If you hit a wave, stop, and don’t accelerate very quickly, you’re probably not twisting enough. Shift into the wave mode. Another reason to move to the wave mode is when you need to be able to steer to avoid the big waves, but every time you try to put the bow down to accelerate, the boat heels way over. The flat-water setup won’t allow that amount of course variation.
When do you move back to the flat-water setup? As the boat pitches and the apparent wind changes, watch where the sail starts luffing, or breaking up. When the mast moves forward and your sail breaks up just at the top, then it’s probably too full and too twisted. And if you’re fighting to keep the boat on track because of waves coming from the side, it’s time for the flat water mode.
As a rule of thumb, I try to set up the sails with the least amount of twist that I can get away with. I’m not going to go out with a flat-water setting if it’s blowing 20 knots with waves on the bow. Inevitably, what will happen when you twist too much is that you won’t point as high. If you’re looking at photos, a good indicator that you’re twisting too much is that the middle leech has moved to leeward. This is tough to see from onboard.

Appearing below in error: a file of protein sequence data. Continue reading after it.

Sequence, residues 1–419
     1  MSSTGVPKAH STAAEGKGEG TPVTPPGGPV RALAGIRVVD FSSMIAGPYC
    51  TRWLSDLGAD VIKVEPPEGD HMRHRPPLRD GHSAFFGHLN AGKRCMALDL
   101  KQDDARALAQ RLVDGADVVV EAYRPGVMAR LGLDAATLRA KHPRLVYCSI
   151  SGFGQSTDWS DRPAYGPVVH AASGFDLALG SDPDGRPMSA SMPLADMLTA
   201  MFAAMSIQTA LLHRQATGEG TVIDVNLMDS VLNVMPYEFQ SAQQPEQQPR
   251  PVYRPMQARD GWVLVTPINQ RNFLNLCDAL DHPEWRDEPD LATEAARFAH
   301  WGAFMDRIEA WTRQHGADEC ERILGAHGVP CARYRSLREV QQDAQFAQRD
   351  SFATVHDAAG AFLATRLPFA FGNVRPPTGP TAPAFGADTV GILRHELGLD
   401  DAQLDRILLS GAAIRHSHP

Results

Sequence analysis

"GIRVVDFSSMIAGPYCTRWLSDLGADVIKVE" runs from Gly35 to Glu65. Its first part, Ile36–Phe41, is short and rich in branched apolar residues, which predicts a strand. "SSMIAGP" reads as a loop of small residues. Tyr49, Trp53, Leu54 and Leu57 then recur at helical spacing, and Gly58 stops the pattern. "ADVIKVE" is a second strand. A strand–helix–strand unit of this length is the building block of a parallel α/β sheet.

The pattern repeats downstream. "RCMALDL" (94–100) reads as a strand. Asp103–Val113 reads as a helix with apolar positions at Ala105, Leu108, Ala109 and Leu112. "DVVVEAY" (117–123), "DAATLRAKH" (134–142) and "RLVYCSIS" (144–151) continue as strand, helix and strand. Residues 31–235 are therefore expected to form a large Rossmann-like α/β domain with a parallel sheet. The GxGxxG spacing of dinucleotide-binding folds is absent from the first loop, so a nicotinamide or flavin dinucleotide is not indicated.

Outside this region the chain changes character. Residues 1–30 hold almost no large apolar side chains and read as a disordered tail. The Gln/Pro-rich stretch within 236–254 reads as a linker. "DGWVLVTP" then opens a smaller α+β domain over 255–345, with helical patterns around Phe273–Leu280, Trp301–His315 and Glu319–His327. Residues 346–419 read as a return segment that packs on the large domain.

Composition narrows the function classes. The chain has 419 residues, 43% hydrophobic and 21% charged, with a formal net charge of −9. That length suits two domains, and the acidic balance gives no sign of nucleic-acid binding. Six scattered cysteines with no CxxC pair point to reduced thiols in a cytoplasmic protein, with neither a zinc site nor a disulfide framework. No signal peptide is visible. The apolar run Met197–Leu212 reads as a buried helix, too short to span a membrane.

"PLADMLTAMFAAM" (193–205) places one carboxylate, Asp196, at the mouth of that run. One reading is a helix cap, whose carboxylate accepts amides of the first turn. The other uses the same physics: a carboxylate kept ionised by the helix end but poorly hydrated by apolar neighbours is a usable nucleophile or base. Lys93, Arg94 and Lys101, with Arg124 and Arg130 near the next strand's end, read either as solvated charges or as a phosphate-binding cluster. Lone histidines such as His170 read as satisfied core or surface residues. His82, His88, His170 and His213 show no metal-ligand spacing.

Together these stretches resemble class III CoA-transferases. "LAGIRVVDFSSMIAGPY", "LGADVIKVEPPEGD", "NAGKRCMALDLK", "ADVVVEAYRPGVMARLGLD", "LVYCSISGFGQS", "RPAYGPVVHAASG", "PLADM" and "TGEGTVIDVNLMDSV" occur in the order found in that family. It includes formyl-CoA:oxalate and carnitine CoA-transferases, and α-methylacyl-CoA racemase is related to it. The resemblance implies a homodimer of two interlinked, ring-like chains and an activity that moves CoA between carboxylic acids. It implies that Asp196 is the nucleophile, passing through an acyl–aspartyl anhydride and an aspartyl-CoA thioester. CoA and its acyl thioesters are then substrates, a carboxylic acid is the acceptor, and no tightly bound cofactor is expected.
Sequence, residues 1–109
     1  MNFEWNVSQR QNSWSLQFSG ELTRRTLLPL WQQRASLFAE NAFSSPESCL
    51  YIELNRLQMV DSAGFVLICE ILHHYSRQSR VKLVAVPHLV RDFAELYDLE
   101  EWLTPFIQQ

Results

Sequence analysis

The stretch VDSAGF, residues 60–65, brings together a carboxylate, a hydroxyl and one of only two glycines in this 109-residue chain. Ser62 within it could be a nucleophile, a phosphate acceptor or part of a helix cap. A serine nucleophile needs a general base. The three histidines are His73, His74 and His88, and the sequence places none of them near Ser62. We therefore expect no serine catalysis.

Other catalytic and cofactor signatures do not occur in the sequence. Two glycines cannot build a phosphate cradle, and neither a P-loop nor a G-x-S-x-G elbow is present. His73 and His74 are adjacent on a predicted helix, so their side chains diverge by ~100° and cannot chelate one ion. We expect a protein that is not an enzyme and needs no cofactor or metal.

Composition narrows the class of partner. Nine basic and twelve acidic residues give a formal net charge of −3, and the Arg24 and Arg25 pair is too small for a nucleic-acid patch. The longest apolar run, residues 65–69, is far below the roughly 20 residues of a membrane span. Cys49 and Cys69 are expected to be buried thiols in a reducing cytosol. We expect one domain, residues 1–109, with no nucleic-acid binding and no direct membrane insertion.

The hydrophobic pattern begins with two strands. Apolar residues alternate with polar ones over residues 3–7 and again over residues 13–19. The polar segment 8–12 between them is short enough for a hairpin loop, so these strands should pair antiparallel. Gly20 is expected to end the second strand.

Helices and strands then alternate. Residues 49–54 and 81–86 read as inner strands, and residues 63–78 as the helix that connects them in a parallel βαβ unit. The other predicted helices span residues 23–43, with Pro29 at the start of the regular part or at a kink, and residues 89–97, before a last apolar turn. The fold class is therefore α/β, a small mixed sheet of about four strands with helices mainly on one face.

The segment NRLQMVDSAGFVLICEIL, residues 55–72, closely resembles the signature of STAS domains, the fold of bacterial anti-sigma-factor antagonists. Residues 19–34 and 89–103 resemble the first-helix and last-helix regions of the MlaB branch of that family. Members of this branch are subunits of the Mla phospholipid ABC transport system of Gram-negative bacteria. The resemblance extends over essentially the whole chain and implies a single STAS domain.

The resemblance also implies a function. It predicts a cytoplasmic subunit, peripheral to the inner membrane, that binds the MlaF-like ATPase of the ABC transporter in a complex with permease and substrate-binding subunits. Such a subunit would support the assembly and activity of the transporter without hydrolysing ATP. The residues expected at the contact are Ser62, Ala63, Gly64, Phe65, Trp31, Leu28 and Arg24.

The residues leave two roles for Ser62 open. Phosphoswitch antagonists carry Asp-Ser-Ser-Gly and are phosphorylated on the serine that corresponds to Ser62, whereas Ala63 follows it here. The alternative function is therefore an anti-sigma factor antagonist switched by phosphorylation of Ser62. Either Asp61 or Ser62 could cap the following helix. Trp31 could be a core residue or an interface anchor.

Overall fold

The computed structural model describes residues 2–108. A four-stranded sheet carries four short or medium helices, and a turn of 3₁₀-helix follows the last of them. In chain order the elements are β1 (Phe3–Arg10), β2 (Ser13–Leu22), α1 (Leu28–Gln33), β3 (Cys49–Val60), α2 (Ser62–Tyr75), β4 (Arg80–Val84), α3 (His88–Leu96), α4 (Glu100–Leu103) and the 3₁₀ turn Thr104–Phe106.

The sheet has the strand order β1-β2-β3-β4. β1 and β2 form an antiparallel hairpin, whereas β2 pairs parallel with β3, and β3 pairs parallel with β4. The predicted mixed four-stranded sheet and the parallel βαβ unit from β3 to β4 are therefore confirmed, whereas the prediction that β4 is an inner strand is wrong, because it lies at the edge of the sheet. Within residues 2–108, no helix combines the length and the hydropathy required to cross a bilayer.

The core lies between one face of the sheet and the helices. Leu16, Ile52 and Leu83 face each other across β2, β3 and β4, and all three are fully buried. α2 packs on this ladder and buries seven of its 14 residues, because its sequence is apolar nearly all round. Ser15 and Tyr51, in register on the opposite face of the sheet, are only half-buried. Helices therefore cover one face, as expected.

When you’re two-boat testing before a race, and you’re sailing on the tack that takes you more into the waves, be sure to give it some time. Waves really affect boat speed. You can’t just sail for 30 seconds and say, “We’re faster than that guy” or “We’re slower than that guy.” One bad wave will stop you, and one bad wave will stop the other boat. You have to go through that whole cycle of stopping, accelerating up to speed, and pointing a few times to figure out who’s actually set up correctly.
Keep in mind the two modes and how to get there. Always add depth when you’re twisting the sails. And remember, both sails work in harmony. If you adjust one, you should definitely be adjusting the other.